Your speech may, um, help reveal if you're uh ... developing thinking problems. More pauses, filler words, and other verbal changes may be an early sign of mental decline, which can lead to Alzheimer's disease, a study suggests. Per the AP, researchers had 400 people without cognitive problems and 264 people considered to be at risk for Alzheimer's, including 64 people with early-stage mild cognitive impairment (or who developed it over the testing period) describe a picture they were shown in taped sessions two years apart. In the second round of tests, those with early-stage mild cognitive impairment declined faster on content (ideas they expressed) and fluency (the flow of speech and how many pauses and filler words they used). They used more pronouns such as "it" or "they" instead of specific names for things, spoke in shorter sentences, and took longer to convey what they had to say.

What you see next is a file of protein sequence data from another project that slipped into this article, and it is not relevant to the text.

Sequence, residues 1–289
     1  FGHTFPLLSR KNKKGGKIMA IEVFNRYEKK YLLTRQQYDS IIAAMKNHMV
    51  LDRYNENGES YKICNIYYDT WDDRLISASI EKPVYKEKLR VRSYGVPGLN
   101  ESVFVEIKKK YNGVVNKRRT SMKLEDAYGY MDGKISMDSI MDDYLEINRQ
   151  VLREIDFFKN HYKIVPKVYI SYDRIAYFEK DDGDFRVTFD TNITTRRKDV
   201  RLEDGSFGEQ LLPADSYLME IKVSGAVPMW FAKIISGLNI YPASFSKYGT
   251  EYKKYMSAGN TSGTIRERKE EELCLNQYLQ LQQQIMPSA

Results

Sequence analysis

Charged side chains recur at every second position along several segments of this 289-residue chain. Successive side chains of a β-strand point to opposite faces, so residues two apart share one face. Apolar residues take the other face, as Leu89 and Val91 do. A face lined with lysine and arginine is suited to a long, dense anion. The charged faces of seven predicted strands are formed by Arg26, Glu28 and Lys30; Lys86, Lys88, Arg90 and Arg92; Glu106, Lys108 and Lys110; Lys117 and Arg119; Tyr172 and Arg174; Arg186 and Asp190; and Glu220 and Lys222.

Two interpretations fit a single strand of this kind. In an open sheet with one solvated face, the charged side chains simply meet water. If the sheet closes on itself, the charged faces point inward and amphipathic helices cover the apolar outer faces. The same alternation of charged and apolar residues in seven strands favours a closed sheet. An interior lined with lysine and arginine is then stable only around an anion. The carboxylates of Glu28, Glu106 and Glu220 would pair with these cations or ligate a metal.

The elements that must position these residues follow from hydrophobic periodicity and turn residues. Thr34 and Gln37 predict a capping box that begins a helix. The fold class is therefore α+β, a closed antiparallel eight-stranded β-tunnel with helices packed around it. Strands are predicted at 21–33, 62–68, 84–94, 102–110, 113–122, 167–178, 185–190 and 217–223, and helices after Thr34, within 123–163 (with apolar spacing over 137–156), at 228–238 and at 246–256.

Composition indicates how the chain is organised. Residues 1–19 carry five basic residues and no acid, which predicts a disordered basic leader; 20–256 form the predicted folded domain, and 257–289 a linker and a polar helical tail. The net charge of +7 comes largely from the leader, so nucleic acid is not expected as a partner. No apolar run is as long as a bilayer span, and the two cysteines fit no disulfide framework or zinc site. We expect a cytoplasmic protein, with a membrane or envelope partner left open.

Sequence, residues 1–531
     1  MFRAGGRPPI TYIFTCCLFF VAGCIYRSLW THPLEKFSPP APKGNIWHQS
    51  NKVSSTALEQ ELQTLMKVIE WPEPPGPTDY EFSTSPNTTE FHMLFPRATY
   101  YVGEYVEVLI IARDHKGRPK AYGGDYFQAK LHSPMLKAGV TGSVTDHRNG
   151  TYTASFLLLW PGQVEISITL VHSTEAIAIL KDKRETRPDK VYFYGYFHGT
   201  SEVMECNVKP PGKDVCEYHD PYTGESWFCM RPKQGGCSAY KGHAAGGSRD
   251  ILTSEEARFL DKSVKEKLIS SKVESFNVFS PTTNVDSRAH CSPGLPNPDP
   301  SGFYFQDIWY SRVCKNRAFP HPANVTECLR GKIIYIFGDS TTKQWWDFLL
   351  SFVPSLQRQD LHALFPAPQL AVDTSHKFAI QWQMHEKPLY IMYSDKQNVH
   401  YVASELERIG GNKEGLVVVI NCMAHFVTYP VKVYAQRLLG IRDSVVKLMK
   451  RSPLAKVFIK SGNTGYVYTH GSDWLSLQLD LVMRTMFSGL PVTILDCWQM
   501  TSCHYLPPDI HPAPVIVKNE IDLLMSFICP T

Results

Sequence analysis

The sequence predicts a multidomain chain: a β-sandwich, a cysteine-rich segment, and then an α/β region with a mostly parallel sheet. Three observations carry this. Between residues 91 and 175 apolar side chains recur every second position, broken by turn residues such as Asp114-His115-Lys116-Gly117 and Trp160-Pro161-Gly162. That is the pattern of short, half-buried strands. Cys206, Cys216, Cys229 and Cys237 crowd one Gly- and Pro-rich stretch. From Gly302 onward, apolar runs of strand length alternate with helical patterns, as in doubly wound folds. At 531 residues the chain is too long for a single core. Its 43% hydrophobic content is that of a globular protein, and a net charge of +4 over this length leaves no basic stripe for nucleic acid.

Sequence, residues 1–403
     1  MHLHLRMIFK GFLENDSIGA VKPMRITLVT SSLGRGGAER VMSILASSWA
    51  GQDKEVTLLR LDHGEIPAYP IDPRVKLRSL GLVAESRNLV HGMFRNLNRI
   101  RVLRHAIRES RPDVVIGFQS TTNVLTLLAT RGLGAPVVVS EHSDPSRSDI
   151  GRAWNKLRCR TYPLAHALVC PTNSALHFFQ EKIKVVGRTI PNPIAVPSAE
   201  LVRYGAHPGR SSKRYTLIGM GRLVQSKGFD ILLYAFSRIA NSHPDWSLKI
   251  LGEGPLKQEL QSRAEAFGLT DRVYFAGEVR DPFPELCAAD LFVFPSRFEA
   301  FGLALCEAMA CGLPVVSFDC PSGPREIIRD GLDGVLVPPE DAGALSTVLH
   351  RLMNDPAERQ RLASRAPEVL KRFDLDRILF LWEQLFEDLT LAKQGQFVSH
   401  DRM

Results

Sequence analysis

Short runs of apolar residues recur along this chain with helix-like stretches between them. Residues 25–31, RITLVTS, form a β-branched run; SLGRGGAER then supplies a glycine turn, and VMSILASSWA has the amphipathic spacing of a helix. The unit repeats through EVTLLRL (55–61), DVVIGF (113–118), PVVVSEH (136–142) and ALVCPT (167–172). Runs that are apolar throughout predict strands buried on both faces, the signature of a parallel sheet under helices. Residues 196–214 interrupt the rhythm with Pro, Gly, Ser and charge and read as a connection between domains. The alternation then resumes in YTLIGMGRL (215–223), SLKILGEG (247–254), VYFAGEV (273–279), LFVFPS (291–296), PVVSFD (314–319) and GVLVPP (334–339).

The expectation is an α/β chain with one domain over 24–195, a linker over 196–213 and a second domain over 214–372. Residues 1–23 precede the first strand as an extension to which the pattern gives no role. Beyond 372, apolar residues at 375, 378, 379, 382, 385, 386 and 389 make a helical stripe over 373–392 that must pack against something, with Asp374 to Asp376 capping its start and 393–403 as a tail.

This was the largest study ever done of speech analysis for this purpose, and if more testing confirms its value, it might offer a simple, cheap way to help screen people for very early signs of mental decline. Don't panic, though: Lots of people say "um" and have trouble quickly recalling names as they age, and that doesn't mean trouble is on the way. "In normal aging, it's something that may come back to you later and it's not going to disrupt the whole conversation," one of the study's leaders, Kimberly Mueller, explains. "The difference here is, it is more frequent in a short period," interferes with communication, and gets worse over time. The study was discussed Monday at the Alzheimer's Association International Conference in London.